How Much to Charge for Your Work

How Much to Charge for Your Work

When you make the decision to become a freelance worker, one of the most important decisions you will make is how much to charge for your sets. How you go about doing this will largely depend on the kind of work you’re going to be doing.

If you’re going to be working from home you will not really have any overhead costs to consider when calculating your rates. What you will need to take into consideration is your time and experience, your competitor’s rates, and your costs of operation. Depending on the duties of the job you will be performing, these aspects will vary greatly.

estimate the Competition

Sometimes it is difficult to estimate your competition, particularly when you are working online as a freelancer placing bids on jobs by various job sites. already if you cannot find out exactly what rates the competition is charging, you will ultimately get a feel for what your competitor’s are bidding. This will come with experience, particularly after you have lost a few jobs due to being underbid.

To make yourself more competitive within your field you will need to take a few chances when it comes to placing bids or quotes for jobs. If you find a job opportunity that you don’t think will require an excessive amount of time or research, you might consider placing a bid calculate that is considerably lower than your usual rate. If this gets you the job, you will then have a much better idea of what the going rate is for that kind of work.

Very often, figuring out how much to charge for the work that you do is a difficult, long-term course of action. You may get lucky and find that the rates you offer to employers are accepted right away, but most new freelance workers find that it takes a bit of time and practice to get the “how much do I charge problem” worked out.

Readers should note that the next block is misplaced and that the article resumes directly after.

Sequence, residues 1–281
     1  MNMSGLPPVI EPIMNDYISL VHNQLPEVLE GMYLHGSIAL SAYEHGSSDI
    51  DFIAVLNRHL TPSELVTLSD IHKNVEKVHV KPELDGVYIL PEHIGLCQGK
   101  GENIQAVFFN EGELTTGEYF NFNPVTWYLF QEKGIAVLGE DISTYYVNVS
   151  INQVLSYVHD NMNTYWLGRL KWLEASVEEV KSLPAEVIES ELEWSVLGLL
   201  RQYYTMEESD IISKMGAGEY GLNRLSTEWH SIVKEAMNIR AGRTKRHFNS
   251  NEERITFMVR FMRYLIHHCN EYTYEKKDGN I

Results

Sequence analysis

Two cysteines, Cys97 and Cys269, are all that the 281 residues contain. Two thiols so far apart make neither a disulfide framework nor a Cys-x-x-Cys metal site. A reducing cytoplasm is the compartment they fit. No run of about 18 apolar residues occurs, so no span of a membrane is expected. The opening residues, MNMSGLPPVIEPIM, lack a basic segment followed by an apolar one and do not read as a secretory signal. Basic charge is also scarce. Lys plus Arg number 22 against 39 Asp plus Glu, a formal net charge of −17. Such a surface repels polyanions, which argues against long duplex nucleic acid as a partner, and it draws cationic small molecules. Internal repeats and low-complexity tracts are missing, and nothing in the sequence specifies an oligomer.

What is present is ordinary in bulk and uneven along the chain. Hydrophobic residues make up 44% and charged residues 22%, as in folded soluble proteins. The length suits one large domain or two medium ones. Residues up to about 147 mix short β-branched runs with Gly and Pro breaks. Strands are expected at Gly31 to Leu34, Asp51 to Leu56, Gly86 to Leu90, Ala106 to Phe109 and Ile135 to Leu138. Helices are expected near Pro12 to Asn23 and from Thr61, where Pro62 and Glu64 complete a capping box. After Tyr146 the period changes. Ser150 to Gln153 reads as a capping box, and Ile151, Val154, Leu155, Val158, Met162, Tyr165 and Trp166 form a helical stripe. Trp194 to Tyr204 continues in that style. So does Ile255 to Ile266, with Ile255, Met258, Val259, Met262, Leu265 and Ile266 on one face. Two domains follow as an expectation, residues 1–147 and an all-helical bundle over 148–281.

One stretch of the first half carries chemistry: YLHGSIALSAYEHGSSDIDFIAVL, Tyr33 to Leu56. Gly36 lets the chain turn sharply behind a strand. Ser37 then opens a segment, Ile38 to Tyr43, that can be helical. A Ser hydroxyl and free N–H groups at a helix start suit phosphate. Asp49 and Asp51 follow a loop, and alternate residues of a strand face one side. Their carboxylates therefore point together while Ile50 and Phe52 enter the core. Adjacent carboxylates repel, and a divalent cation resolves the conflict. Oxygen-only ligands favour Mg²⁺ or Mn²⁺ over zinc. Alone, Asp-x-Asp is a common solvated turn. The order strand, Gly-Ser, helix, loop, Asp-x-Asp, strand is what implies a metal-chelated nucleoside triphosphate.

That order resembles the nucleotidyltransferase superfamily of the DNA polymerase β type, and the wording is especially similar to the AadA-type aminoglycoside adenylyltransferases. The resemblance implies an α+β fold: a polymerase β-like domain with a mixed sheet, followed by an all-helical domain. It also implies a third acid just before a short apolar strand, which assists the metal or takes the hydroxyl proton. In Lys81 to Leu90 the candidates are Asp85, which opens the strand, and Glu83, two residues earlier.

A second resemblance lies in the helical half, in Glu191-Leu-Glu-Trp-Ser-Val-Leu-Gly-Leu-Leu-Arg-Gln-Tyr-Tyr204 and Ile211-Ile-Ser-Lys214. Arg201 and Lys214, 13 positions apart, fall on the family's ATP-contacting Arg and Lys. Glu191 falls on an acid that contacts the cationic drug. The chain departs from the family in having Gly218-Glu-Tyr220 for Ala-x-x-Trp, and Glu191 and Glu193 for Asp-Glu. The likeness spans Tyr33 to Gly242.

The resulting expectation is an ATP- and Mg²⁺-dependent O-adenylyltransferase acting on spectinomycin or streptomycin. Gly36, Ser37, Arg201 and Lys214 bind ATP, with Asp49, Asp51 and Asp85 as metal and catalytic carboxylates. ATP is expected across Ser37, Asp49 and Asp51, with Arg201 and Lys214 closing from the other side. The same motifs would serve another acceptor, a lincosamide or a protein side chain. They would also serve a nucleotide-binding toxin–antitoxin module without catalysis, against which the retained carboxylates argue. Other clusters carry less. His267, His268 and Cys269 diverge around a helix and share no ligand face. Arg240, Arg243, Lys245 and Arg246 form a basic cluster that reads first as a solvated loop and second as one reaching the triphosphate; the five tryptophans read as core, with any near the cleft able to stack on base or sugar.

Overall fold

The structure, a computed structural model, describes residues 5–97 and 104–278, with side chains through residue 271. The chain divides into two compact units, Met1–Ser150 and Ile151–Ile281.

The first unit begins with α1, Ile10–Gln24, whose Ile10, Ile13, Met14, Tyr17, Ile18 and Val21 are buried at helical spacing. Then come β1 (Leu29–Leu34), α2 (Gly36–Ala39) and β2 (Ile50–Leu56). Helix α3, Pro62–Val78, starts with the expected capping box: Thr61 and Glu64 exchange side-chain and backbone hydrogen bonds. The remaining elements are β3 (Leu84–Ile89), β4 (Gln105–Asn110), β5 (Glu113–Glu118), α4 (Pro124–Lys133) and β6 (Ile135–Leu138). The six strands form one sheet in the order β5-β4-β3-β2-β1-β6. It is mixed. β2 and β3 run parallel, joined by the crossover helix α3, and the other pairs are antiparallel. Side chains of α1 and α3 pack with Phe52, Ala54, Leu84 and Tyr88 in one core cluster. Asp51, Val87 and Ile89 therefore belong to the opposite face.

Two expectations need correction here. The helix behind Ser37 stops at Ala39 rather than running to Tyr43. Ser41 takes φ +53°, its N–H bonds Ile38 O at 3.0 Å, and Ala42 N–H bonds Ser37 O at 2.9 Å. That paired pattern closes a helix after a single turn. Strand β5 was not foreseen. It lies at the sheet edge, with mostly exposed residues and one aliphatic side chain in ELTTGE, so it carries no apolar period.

Always remember that you need to compensate yourself for the time that you use working. This includes preparatory and research time that needs to be spent on a project before you can truly begin writing, editing, or performing other responsibilities that are required for your project.

Methods for Calculating Rates

If winging it does not sound like an alluring method of figuring out what rates to charge, there is a basic method you can follow to calculate how much you should charge each client. Be advised, however, that this formula will need to be modificated based on the requirements of each job you apply for.

Step 1. Figure out the materials that you will be using or consuming during the time of your work, and factor in an modificated amount for the depreciation of your equipment that will be used (computer, printer, fax machine, scanner, travel, maintenance, etc.).

Some people also like to include percentages for overhead costs in this step, already if they work at home. You do this by factoring in a small portion of your rent/mortgage payment, electricity, internet, and phone sets.

Step 2. Factor in the time you will be spending on the project. Sometimes, this is a nearly impossible task to do upfront. Whether you can calculate this precisely really depends on the kind of job you will be doing. Try to take the total number of hours that you expect to work on a job or project, and multiply that number by the hourly rate you want to charge. After you have done that, take the figure from Step 1, divide by the number of hours, and then add in your hourly rate.

Remember that there is no right or wrong way to calculate the rates that you charge to employers. Ultimately, the decision you make will be based on an amount that you believe to be a fair market rate for the sets you will be providing.

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